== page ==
In Mozambique, only 4 out of 100 children go to preschool and very few programmes are available in rural areas where poverty is more acute. Existing evidence shows that investment in education early in life gives children a head start, and has effects on their immediate well-being and future prospects. But such evidence is not available from Africa. Are effective pre-school interventions viable in poor rural African communities?
A randomised control trial was conducted to assess the effectiveness of Save the Children’s preschool programme on children’s enrolment and readiness for primary school in rural Mozambique. This study is funded by 3ie and the World Bank Spanish Impact Evaluation Fund and is the first evaluation of an early childhood development programme in Africa.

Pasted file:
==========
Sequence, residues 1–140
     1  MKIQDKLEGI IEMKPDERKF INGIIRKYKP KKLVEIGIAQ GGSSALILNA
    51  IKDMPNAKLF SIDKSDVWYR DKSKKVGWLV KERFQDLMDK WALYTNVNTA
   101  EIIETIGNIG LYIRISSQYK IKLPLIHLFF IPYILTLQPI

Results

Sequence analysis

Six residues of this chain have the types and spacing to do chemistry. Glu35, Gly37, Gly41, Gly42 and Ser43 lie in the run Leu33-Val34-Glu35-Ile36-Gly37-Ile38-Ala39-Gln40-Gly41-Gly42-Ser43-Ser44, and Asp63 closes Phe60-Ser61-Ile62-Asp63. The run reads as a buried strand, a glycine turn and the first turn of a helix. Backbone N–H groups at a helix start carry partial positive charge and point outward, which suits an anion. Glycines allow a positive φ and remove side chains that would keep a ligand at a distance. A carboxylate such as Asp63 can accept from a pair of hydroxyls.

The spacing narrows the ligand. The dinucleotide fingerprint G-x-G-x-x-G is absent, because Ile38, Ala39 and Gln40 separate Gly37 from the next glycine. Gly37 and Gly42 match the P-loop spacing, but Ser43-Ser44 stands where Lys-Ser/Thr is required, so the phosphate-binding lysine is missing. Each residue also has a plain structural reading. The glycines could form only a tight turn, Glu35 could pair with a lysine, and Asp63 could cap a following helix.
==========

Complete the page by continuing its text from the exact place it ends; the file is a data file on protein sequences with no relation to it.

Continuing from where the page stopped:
The first issue of Evidence in Brief draws on the key findings of this 3ie supported impact evaluation.
Children who attended preschool:
- Are more likely to enrol in primary school at the right age. They spend more time on schooling and less time working on the family farm.
- Show large improvements in cognitive and problem solving abilities, fine motor skills and social behaviour.
- Are less prone to diarrhea and skin problems, though there is no evidence of positive impacts on nutrition.
- Their siblings are more likely to go to primary school.
- Their caregivers show improvements in parenting practices and an increase in parents' employment.
As a result of these findings, the Ministry of Education in Mozambique is now planning to
extend community-based preschools to 600 communities. Early childhood education was included in the country's 2012-2016 national education plan. The government has also created a national early childhood development commission.